Teacher conferences: Unions up for a battle on pay and conditions

The ASTI seems to be taking its cue from the famous Millwall football chant ‘No one likes us, we don’t care’

ASTI general secretary Pat King is due to retire at the end of the year, and a plan is afoot to appoint his successor through a plebiscite of members. Photograph: Dara Mac Donaill

ASTI general secretary Pat King is due to retire at the end of the year, and a plan is afoot to appoint his successor through a plebiscite of members. Photograph: Dara Mac Donaill

 

After six years of austerity, it’s payback time as far as the teacher unions are concerned. Pay and conditions top the agenda across the three trade unions that span primary and secondary level. The question is: will they be happy to toe the collective bargaining line in public sector pay talks later this year, or could there be a go-it-alone strategy?

Expectations are high among teachers that the worst of the salary cuts can be reversed. But the department of education will have a limited pot of extra money to play with, and putting more cash into teachers’ pockets will mean less funds available for reducing class sizes, boosting supports for special-needs education and all those other worthy causes on the clár of each congress.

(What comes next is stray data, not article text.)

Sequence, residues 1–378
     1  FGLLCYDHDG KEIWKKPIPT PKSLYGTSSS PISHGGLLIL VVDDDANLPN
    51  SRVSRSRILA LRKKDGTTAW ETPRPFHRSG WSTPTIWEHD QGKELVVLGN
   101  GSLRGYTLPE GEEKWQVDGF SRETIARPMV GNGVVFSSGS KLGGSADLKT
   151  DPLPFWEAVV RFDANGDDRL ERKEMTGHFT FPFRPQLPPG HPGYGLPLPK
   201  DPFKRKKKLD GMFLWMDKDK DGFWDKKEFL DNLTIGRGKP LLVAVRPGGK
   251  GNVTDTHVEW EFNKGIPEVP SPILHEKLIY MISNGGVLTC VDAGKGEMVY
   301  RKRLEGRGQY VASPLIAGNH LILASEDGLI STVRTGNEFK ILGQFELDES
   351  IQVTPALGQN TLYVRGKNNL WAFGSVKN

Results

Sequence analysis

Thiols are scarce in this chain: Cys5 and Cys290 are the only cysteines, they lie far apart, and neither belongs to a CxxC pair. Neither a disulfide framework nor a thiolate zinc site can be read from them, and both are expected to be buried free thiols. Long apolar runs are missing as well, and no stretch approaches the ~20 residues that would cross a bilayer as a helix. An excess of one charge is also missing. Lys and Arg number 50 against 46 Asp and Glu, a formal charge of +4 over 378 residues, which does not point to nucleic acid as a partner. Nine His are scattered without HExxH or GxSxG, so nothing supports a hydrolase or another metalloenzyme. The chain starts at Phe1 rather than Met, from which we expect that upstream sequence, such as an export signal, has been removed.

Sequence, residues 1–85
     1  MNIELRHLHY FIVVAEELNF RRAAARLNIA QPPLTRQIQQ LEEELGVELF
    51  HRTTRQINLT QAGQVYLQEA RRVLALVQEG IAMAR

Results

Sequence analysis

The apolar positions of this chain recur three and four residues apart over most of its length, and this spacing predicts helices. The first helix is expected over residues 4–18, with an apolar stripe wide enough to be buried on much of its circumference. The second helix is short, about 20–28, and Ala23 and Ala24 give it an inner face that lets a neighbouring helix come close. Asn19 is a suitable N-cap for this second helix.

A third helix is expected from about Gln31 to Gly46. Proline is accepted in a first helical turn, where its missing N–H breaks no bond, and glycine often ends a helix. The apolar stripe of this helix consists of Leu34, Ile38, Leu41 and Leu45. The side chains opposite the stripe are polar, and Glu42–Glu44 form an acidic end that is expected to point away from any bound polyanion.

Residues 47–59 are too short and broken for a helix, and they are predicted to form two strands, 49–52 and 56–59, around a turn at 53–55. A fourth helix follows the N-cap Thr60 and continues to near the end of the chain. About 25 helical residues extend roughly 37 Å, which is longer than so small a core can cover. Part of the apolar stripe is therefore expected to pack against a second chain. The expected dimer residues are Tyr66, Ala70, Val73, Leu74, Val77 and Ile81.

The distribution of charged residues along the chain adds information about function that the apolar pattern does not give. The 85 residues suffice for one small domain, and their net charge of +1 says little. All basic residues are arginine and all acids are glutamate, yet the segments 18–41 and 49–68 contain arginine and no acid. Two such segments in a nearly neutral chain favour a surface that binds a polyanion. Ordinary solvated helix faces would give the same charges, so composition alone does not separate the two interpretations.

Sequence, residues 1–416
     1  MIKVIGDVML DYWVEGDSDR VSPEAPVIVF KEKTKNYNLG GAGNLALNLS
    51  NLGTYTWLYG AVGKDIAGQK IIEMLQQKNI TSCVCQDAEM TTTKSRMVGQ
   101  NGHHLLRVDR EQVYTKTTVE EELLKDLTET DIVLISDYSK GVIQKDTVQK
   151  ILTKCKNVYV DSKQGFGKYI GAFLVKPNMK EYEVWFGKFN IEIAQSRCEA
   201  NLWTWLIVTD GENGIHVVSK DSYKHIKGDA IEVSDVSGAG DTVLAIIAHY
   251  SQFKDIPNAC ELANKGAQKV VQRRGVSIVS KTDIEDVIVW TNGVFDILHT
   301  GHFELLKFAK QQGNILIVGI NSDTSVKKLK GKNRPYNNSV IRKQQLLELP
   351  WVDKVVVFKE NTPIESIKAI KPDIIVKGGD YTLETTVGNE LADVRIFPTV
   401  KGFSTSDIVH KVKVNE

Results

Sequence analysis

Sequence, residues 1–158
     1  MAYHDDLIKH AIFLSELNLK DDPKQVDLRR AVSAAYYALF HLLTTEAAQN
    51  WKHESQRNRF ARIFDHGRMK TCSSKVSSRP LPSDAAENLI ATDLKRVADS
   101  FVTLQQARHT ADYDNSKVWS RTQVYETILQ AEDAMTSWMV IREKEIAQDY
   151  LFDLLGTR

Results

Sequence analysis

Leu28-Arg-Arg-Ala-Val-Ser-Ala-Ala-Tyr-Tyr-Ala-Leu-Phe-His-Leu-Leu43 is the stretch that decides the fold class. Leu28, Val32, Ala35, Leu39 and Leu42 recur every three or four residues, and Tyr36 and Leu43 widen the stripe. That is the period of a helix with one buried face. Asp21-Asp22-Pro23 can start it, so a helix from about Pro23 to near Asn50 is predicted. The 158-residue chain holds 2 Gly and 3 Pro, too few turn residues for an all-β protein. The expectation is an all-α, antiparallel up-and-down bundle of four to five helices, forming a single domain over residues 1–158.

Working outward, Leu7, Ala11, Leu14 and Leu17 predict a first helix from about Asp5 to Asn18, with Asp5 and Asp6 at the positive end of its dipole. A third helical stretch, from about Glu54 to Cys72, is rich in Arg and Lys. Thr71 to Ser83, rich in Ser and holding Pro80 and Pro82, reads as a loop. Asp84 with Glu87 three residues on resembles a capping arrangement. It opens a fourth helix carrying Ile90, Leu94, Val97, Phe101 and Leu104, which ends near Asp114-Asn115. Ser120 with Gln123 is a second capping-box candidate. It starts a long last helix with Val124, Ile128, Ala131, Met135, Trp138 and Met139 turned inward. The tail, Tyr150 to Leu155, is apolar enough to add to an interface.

The ASTI and TUI are to debate motions seeking the ending of the extra 33-43 working hours agreed as part of the Croke Park and Haddington Road deals. This would cause major problems for Government, as other public sector unions would demand similar treatment, reversing productivity arrangements that have yielded major payroll savings.

A further motion seeking the removal of the public-service pension levy is coming before the ASTI on Tuesday, while all three unions are seeking the restoration of allowances that were slashed in recent years and have hit new entrants hardest. The TUI will consider mounting a campaign of industrial action, including strike action, if “pay discrimination” is not addressed.

The department acknowledged last year that the moratorium on filling middle-management posts is creating “unsustainable” pressure on schools, and teachers look set to take a tougher stance. ASTI branch members are asking the union to issue a directive not to undertake posts of responsibility unless they are pensionable-remunerated, while INTO also wants to end ad hoc leadership posts.